John Bel Edwards

Region 5, which includes Southwest Louisiana, is one of three regions causing state health officials a bit of concern as the state continues in Phase 2 of its reopening from the coronavirus pandemic.

“We still have significant levels of COVID in the state,” said Dr. Alex Billioux, Assistant Secretary of Health for the state’s Office of Public Health, in a news conference Wednesday.

Billioux said one reason the state moved into Phase 1 much later than some of the surrounding states was due to the increasing number of cases and hospitalizations. And he is seeing the same increases in three regions presently.

In the Greater Lake Charles region there has been, over the past week, an increase in both COVID-19 cases and hospitalizations due to the virus. “Some of that is driven by increased testing,” he said. “But we see a significant increase in the number of hospitalizations, moving from about four people admitted in the previous weeks to almost 20 in this week.”

Monroe and Alexandria are the other areas of concern.

Billioux said that a portion of those hospitalized came from congregant setting, but in Region 5, 80 to 90 percent of those admitted were members of the community. He said contact tracing is exposing clusters in communities across the state, in which people live in close proximity to neighbors, or are gathering for social interaction with no consistent wearing of masks.

“We as individuals have to make changes in the way we go about our daily lives, to protect ourselves and to protect our community,” he said. “We are not seeing nearly enough people wearing masks right now.”

“We still have a public health emergency,” said Gov. John Bel Edwards. “We have an awful lot of COVID. Edwards noted that all of the active cases of COVID in the state today occurred while restrictions were in place and residents were being asked to wear masks and practice physical distancing.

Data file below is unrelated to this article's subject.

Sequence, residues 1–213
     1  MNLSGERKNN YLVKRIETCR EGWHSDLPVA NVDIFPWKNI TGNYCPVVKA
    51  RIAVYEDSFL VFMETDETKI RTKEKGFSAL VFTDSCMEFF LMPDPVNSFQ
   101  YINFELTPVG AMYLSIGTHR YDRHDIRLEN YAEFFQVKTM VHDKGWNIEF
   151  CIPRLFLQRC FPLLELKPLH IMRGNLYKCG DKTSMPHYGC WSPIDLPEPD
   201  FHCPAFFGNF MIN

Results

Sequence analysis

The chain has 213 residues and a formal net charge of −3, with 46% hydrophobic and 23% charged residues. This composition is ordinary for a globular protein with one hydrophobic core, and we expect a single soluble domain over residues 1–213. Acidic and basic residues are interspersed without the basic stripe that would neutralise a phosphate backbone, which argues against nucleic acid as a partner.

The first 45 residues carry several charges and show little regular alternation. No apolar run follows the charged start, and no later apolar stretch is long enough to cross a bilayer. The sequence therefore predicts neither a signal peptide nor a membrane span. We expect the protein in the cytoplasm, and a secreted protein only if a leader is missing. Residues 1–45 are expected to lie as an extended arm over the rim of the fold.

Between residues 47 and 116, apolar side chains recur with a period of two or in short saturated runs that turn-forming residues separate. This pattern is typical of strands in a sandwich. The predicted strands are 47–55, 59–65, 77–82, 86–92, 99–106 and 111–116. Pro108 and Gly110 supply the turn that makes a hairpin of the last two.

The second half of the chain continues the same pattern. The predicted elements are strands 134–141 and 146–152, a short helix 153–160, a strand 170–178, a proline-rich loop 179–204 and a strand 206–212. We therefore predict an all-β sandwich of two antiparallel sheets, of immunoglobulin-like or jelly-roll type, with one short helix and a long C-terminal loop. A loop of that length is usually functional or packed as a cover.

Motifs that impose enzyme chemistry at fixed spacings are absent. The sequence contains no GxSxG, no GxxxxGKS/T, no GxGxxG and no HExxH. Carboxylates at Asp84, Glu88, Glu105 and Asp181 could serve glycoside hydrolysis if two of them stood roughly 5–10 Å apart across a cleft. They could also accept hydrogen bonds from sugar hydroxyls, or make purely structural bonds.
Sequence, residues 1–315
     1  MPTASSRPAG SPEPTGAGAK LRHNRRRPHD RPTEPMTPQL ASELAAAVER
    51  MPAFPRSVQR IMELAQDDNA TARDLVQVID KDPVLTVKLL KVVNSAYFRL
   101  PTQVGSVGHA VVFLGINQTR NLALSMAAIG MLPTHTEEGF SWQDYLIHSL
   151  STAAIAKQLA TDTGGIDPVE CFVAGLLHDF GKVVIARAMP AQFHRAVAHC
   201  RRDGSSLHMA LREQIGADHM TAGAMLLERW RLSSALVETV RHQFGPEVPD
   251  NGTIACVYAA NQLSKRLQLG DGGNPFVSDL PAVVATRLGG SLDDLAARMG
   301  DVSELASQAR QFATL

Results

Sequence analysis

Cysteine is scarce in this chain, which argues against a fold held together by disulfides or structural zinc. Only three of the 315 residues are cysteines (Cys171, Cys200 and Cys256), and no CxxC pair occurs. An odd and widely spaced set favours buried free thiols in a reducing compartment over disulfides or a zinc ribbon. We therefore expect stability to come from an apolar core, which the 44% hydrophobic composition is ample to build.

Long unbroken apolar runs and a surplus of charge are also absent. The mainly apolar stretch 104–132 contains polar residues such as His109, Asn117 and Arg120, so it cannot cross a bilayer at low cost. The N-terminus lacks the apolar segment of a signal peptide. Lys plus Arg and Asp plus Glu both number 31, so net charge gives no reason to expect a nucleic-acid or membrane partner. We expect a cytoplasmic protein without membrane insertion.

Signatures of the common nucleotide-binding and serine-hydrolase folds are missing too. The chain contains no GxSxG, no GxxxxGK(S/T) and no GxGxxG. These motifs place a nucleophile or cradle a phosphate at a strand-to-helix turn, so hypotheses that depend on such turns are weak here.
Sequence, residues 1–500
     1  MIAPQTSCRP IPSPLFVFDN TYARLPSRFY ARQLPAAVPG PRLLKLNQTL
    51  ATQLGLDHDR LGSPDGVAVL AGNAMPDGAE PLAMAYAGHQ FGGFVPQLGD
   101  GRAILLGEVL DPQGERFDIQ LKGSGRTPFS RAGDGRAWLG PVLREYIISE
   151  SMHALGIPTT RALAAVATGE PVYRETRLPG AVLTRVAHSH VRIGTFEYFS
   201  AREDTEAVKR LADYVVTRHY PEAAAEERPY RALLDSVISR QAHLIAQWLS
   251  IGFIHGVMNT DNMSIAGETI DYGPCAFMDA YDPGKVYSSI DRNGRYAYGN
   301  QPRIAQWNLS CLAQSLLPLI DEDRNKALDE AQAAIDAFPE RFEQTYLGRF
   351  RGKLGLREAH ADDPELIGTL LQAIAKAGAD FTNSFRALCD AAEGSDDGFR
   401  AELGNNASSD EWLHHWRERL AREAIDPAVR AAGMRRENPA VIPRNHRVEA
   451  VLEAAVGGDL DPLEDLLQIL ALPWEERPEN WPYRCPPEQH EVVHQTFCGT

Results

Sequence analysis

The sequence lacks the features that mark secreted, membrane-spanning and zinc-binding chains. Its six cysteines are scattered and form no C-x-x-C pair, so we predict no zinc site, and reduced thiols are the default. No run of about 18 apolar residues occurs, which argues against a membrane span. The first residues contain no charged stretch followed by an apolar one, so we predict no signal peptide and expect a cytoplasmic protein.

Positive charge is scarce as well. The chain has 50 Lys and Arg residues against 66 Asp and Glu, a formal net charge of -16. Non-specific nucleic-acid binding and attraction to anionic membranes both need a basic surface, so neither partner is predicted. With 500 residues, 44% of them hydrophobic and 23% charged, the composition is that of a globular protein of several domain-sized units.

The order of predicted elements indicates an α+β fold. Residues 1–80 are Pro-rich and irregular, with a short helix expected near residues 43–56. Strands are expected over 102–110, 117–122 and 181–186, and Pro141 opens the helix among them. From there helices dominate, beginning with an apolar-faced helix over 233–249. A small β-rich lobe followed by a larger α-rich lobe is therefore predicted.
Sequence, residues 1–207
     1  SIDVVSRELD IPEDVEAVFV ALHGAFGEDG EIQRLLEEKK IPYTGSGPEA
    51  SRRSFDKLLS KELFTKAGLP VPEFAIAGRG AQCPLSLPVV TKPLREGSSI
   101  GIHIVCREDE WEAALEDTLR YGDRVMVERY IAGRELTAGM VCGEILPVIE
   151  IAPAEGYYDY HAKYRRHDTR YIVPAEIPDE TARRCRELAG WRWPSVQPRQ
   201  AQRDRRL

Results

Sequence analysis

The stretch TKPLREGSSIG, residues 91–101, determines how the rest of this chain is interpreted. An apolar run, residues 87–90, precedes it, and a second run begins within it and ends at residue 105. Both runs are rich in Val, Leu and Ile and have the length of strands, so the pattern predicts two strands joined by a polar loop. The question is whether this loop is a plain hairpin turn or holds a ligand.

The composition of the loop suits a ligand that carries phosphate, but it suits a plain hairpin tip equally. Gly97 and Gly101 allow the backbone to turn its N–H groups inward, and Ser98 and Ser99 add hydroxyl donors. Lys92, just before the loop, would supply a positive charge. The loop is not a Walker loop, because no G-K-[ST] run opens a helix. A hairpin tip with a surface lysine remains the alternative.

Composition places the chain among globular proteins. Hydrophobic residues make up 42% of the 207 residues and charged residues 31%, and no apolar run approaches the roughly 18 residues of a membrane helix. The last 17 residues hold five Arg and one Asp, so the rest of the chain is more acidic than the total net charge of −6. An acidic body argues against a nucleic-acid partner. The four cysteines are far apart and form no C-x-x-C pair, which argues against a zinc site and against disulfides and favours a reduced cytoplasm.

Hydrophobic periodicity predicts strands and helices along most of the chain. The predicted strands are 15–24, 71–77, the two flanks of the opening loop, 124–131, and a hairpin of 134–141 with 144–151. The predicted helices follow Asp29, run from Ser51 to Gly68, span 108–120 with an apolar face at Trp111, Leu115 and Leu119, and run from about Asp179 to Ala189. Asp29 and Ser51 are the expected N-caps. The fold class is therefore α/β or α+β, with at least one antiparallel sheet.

He said the state has made a tremendous amount of progress in combating the virus. “It would just be very sad if we lost that momentum and actually went backwards after we fought so hard to make the improvements we’ve been able to see and to enjoy,” he said.  

One excuse the governor has heard from people not wearing a mask is the misconception that if you feel well, you must not have COVID-19 and therefore, you don’t need a mask. He called that line of thinking illogical.

“We know that 25-40 percent of the people with COVID-19 are asymptomatic, meaning they are never going to show symptoms, but they have it and they can certainly spread it,” he said.

People can spread the virus for two days before observing any symptoms and it’s thought that in that 48-hour period, the carrier’s viral load may be at its heaviest.

He said waiting until you feel bad before putting a mask on, may be too late to save a friend or family members from catching the virus from you.

Edwards also referenced those who cite their “rights” as a reason for not wearing a mask. He noted that the state is not mandating anyone wear a mask because, he doesn’t think the state can enforce it.

“But … we shouldn’t have to mandate something if it’s obviously the right thing to do,” he said. “Don’t focus on whether you have a right to say ‘no,’ focus on what is the right thing to do.”